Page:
The destruction will be carried out by a a CESG accredited and approved supplier, securely and in accordance with established secure destruction policy, procedures and guidelines, Green said. These include compliance with the HMS IA Standard No. 5-Secure Sanitisation of Protectively Marked Sensitive Information. Physical equipment holding the data will be degaussed and physically shredded.

Re:Let me do it (0)

Anonymous Coward | more than 3 years ago | (#34950662)

For £200k, I'm pretty sure you could find a big heatproof container, throw the drives in, and apply a large quantity of thermite.

Oh, and you might have about £195k to spare.

Re:Let me do it (1)

Saint Gerbil (1155665) | more than 3 years ago | (#34951422)

At least they are doing it properly rather than the "leave on train" strategy of recent years.

Re:Let me do it (1)

Shrike82 (1471633) | more than 3 years ago | (#34950402)

I'll show them how to destroy it for half the price.

I'll do it for a quarter! Seriously, just give me all the paper files and the hard disks of any computers and I'll stick them in a skip and set the whole mess on fire. Could turn it into a street party celebrating the end of a sinister Orwellian initiative!

Re:Let me do it (1)

HungryHobo (1314109) | more than 3 years ago | (#34950438)

might want to throw some termite into the mix to be sure.
I like the street party idea though.

Re:Let me do it (1)

Anonymous Coward | more than 3 years ago | (#34950606)

termites?

Re:Let me do it (1)

HungryHobo (1314109) | more than 3 years ago | (#34950770)

yes!
hungry metal eating termites!
of course they might eat the skip too so RUN!

Re:Let me do it (1)

aliquis (678370) | more than 3 years ago | (#34951380)

Probably good enough, benefits if you're already there:
Drop at the Marianas trench.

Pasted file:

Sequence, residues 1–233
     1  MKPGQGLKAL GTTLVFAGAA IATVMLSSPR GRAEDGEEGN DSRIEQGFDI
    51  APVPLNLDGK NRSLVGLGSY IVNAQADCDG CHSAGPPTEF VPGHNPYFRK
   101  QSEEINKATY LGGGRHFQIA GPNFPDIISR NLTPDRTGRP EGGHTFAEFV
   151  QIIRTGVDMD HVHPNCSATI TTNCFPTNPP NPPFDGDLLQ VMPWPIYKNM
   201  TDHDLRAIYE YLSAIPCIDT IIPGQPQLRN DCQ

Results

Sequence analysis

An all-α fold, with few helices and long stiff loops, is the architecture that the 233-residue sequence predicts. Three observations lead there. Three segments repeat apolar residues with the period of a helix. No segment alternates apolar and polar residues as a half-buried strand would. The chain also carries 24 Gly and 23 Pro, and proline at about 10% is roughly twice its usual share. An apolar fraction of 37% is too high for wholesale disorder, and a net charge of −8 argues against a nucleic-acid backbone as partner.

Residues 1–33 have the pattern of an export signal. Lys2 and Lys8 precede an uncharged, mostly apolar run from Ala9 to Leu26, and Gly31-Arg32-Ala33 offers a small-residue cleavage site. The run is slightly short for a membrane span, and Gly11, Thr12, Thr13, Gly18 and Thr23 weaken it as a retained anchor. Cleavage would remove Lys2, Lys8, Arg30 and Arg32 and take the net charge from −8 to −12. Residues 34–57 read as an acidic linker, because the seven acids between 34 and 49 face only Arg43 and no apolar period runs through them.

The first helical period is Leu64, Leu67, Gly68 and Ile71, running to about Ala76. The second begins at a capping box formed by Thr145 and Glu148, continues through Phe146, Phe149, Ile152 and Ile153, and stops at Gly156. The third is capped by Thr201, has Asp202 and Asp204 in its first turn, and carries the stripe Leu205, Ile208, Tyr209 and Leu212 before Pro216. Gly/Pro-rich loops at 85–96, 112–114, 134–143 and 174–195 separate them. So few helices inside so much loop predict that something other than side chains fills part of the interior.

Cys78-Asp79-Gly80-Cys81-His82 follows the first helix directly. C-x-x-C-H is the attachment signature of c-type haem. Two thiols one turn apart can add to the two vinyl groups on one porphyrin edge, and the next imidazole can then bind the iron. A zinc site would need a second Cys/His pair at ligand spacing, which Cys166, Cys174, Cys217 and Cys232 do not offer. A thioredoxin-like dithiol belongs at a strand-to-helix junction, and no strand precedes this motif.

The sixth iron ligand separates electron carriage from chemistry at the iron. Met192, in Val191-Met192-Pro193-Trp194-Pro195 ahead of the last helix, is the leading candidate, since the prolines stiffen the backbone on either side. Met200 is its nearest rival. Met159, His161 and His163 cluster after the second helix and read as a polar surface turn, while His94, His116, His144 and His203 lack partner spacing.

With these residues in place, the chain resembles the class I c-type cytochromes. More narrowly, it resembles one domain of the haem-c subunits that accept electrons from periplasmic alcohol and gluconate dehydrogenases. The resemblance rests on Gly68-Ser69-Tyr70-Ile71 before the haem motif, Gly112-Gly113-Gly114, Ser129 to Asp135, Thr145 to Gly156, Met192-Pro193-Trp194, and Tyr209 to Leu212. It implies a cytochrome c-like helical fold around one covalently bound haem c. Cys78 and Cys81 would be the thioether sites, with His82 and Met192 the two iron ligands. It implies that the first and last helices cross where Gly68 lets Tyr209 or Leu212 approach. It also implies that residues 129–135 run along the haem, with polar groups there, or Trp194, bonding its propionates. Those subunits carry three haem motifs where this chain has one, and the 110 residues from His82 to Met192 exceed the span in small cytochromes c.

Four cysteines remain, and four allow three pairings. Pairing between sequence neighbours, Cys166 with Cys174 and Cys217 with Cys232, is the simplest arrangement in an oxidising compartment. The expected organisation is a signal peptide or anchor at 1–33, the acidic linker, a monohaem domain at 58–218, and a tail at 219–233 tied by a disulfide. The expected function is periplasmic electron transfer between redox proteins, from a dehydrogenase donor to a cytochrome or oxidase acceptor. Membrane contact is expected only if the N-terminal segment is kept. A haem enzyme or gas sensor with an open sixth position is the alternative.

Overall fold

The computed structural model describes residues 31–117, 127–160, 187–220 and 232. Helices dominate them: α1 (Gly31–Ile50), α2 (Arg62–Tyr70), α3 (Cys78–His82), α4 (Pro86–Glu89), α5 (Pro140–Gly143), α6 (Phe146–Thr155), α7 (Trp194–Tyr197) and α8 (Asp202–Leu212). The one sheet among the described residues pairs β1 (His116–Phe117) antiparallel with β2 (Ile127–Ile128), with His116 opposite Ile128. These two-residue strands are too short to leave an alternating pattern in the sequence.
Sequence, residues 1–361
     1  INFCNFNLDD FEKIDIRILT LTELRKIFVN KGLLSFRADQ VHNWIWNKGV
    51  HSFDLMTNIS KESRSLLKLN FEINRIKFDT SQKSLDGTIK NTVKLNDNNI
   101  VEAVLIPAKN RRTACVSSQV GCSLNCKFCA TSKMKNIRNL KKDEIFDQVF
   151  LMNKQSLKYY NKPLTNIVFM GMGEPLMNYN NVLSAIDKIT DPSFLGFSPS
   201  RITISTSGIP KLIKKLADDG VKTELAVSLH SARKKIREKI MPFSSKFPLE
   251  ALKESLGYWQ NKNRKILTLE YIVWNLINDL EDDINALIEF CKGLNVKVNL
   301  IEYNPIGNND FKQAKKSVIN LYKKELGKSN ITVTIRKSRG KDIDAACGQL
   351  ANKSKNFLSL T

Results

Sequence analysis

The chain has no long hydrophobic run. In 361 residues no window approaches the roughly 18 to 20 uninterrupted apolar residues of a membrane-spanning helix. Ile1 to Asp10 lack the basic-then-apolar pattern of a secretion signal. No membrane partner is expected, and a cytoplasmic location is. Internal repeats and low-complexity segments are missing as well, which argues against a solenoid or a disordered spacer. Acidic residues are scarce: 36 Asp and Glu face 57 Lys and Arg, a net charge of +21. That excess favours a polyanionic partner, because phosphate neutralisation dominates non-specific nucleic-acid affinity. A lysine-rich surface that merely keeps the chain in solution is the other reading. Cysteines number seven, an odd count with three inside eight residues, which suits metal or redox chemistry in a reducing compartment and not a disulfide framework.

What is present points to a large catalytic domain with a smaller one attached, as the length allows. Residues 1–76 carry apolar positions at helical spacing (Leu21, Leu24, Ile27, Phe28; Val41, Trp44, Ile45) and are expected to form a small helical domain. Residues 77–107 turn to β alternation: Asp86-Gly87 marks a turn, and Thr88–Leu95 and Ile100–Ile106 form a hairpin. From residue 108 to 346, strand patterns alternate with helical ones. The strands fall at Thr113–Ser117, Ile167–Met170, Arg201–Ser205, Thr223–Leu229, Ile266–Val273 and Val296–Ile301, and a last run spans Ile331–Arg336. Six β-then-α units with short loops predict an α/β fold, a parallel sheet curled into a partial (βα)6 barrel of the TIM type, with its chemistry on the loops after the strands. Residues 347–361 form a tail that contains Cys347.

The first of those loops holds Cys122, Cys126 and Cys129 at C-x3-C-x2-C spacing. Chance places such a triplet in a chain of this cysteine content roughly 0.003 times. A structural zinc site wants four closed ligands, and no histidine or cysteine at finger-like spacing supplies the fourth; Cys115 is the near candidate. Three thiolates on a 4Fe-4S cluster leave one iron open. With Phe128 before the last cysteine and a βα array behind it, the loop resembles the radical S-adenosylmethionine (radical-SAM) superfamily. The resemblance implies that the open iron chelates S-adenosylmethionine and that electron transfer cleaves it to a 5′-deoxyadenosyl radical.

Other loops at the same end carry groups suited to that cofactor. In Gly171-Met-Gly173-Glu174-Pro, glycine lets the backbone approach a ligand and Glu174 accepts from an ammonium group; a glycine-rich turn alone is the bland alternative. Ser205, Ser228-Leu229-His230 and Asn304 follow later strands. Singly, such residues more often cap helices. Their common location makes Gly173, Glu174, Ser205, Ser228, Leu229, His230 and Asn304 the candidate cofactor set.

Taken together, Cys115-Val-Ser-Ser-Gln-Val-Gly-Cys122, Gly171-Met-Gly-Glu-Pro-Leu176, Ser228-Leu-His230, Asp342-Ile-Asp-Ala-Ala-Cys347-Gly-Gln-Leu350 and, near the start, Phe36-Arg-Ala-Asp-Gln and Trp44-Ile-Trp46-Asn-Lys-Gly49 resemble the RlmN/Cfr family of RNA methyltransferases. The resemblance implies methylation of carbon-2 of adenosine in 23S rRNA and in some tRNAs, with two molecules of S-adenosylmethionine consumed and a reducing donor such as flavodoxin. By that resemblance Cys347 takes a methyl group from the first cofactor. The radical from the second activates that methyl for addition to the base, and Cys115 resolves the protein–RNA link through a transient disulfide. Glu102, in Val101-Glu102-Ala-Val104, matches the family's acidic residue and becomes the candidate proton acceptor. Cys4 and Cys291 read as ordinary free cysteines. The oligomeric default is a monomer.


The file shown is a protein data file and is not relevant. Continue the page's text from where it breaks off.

Random volcano would probably do just fine as well. Iceland don't have to pay this much ;)

Bomb it as someone else has said.

I don't see why one need to over do it. Throw it into some metal recycling thingy and it's probably taken care of well enough anyway. Atleast if you supervise the process.

Re:Let me do it (1)

TheoGB (786170) | more than 3 years ago | (#34950918)

'Orwellian'? Those poor French bastards! Oh the humanity!

(FWIW my main disagreement was on the basis of costs and the security of your information so it's fine by me that it's gone.)

Re:Let me do it (1)

Opportunist (166417) | more than 3 years ago | (#34951014)

An Orwellian bonfire... I was expecting this to be held at the Parliament, somehow...

Third party (3, Insightful)

clickclickdrone (964164) | more than 3 years ago | (#34950214)

I see they've hired some 3rd party firm to do it. That stuff, both kit and data will turn up in a year or so's time. Guaranteed. Laptops on eBay and the data sold to ID thieves.

Re:Third party (2)

L4t3r4lu5 (1216702) | more than 3 years ago | (#34950428)

Actually, no. I'm just going to run DBAN on the servers, single pass zeroes.

My original quote was a 20 stack of writeable CDs and 2 days time... £500 max. They told me that wasn't the way bidding for government contracts work, so I said £400k.

No surprise (0, Flamebait)

AmiMoJo (196126) | more than 3 years ago | (#34950290)

This is the normal way the Tory Party does things. Services that the government could provide are actually business opportunities for private companies. Instead of just having IT wipe the disks why not make an easy £400k for one of your friends in the city?

Of far more concern is the NHS. Why let the NHS perform an operation that could be making some private company some profit?

Re:No surprise (0)

Mike Mentalist (544984) | more than 3 years ago | (#34950314)

This is the normal way the Tory Party does things. Services that the government could provide are actually business opportunities for private companies. Instead of just having IT wipe the disks why not make an easy £400k for one of your friends in the city?

Of far more concern is the NHS. Why let the NHS perform an operation that could be making some private company some profit?